Brown Rocks
      Large Y-Crosses
      10x10 Blocks (though when covering large areas, seem better than bunches of small pieces; however, when just having a small portion of them showing, using 2 - 3 smaller pieces shows improvement)


      Easy on framerate:

      Blocks (seemingly all of them except maybe the 10x10s)
      Circular Wall
      Wall
      Double Wall
      Y-Cross
      Windows / Corner Walls (without glass)
      Pyramid
      Platform Large
      Trim
      Walkway Cover
      Strut
      Black Rocks

      I haven't found too many issues with shields.


      Part of the issue with the larger pieces may not be the polygon count but rather the resolution. If Forge attempts to always render a particular object in a uniform resolution, then even simple objects (geometrically speaking) could cause some issues. A larger number of smaller objects may be less taxing because it can downgrade the resolution on the furthest ones, while it may have to attempt to render a grass plane in full resolution for the entire distance. I did a test where I laid out a line of 3 grass planes next to my map (so there were already objects present to tax the engine) and saved it. Then I recreated the same surface area in the same spot using 27 10x10 blocks. Despite there being 9 times the number of blocks used, performance was better with the blocks than with the grass planes.

      For small objects, the general rule that frame drops follow complexity seems to hold true. Landing pads are a notable exception.

      I've also had some luck closing gaps by merging pieces. On the pyramids there's a hole in the geometry where the polygons from the two sloping sides of the tip piece don't actually connect (you can see it if you find the right angle to look at it). It seems as if Forge sees that gap and attempts to render everything beyond it as if the more distant objects were in the field of view. But when I closed the gap by burying the edges of both planes into a trim piece, the performance improved noticeably. I don't know how many of the objects have gaps that prevent them from being used for cutting down the number of objects in the FoV (which only works to an extent anyway), but I imagine there are more. I have been using significant overlaps (0.2 units total) wherever feasible to reduce the number of times gaps cause problems.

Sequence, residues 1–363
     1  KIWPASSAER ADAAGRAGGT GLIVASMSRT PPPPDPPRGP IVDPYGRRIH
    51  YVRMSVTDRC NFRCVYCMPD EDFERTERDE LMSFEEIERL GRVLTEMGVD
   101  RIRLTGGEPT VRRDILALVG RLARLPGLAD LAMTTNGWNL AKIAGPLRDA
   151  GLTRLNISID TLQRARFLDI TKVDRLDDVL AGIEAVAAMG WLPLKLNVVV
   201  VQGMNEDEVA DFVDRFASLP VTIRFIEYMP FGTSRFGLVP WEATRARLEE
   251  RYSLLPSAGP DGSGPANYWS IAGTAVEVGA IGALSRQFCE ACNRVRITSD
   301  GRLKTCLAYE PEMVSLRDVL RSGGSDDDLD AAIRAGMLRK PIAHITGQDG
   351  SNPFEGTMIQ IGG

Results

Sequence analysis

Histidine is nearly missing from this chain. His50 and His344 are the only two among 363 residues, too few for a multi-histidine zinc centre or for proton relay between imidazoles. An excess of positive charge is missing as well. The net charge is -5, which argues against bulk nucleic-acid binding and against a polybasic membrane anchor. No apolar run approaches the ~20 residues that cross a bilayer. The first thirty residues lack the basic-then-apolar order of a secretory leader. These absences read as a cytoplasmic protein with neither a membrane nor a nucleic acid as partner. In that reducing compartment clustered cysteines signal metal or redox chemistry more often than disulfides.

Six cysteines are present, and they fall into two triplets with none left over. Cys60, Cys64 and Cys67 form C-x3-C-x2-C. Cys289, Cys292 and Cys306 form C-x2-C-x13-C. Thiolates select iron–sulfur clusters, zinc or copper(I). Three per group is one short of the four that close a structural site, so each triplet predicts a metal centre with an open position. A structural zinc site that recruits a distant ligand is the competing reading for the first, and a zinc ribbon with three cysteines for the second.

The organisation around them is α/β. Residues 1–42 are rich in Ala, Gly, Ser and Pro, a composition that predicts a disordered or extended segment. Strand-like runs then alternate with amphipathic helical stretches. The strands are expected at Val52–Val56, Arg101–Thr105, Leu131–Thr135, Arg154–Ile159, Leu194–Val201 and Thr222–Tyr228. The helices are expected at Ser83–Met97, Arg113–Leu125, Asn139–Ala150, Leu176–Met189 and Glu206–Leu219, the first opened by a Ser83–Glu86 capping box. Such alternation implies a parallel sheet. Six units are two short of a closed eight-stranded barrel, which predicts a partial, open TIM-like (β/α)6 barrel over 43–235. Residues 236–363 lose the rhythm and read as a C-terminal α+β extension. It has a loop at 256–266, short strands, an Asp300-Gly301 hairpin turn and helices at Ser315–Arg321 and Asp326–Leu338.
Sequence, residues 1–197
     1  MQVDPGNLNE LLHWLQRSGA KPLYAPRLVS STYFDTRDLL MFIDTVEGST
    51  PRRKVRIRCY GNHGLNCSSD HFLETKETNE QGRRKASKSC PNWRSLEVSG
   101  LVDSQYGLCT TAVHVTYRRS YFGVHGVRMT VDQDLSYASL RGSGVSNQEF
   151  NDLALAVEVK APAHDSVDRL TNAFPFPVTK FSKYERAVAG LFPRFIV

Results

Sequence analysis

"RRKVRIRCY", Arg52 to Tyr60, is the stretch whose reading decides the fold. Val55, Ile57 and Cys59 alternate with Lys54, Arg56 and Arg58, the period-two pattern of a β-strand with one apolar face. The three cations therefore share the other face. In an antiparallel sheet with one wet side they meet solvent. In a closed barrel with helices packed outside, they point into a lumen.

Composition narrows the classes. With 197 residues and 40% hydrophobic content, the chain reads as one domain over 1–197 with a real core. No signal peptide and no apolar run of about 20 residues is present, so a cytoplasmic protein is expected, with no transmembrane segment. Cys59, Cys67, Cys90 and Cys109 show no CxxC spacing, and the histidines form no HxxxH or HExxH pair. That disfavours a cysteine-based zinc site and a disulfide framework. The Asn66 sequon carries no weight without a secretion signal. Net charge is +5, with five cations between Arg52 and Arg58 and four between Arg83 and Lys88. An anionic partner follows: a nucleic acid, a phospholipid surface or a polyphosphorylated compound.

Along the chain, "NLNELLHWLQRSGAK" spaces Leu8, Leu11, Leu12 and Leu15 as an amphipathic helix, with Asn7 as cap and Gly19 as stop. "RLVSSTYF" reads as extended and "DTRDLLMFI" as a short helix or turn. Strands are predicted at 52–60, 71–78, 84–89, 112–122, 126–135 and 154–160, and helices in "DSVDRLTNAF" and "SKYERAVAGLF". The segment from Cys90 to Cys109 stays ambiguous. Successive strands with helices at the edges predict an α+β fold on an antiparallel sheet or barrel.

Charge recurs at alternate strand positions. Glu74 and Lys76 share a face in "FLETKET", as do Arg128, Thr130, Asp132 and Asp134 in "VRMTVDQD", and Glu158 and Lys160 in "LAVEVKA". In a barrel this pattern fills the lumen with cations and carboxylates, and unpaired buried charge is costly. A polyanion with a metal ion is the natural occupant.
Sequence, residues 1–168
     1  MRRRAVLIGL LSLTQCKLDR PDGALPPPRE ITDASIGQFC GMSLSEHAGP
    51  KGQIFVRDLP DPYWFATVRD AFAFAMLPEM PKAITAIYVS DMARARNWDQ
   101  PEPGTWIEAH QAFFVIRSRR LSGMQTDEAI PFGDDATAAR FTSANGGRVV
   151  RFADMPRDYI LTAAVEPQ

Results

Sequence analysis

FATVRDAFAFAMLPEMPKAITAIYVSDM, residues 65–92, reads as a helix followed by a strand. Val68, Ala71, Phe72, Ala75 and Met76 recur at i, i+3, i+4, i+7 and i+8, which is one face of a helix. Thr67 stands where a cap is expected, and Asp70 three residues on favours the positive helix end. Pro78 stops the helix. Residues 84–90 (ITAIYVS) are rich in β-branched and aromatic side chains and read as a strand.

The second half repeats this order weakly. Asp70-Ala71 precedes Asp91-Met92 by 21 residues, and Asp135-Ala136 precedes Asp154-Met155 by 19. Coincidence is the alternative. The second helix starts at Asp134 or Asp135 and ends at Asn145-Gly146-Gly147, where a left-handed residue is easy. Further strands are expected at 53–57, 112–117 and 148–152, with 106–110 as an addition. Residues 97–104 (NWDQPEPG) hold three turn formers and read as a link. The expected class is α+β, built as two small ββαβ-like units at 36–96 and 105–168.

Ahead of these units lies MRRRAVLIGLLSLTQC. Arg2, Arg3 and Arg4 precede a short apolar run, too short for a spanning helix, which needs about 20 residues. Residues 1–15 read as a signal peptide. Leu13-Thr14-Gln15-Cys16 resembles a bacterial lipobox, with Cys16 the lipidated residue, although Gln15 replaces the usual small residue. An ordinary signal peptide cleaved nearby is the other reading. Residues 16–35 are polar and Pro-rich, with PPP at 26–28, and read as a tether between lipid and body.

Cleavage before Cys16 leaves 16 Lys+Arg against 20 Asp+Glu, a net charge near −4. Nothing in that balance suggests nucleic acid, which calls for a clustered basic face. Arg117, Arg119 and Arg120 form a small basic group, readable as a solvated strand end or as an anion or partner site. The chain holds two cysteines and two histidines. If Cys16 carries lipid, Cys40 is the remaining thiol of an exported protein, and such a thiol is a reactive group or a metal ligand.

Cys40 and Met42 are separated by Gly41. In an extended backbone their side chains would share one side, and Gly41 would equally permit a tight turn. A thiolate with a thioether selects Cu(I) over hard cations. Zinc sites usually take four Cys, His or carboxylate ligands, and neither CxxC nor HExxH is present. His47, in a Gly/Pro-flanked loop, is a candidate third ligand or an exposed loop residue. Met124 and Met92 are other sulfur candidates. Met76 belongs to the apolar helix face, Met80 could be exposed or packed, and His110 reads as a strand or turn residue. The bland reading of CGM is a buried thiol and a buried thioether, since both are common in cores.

Last edited: Jan 28, 2015
    18. Maximus IL
      Maximus IL
      The difference is partially due to resolution. H4 ran 720p. H2A runs 1328x1080 - or 1.43 million pixels - while H4 ran at 720p with 0.92 million pixels. H2A also attempts to run at 60fps as opposed to 30fps, which means H2A has to process the larger number of pixels at twice the rate to avoid a drop. In the MCC version of H4 it's an even larger change, as MCC H4 runs at 1080p (2.1 million pixels). Where you just to run H4 forge (720p, 30fps) on the Xbox One, it would probably do beautifully all the time.

      So where the starting conditions resolution and framerate wise equal, I'm quite sure Xbone would blow away the 360 in performance. However, given the resolution adjustment, the Xbone has to work 3x as hard on H2A and 4x as hard on H4 to avoid frame drops.
      leegeorgeton likes this.
    19. Goat
      Goat
      wait, so platform XLs are okay and it's the larger platform cylinders that are the problem?

      will 12ish teleporter frames beside one another be bad for framerate?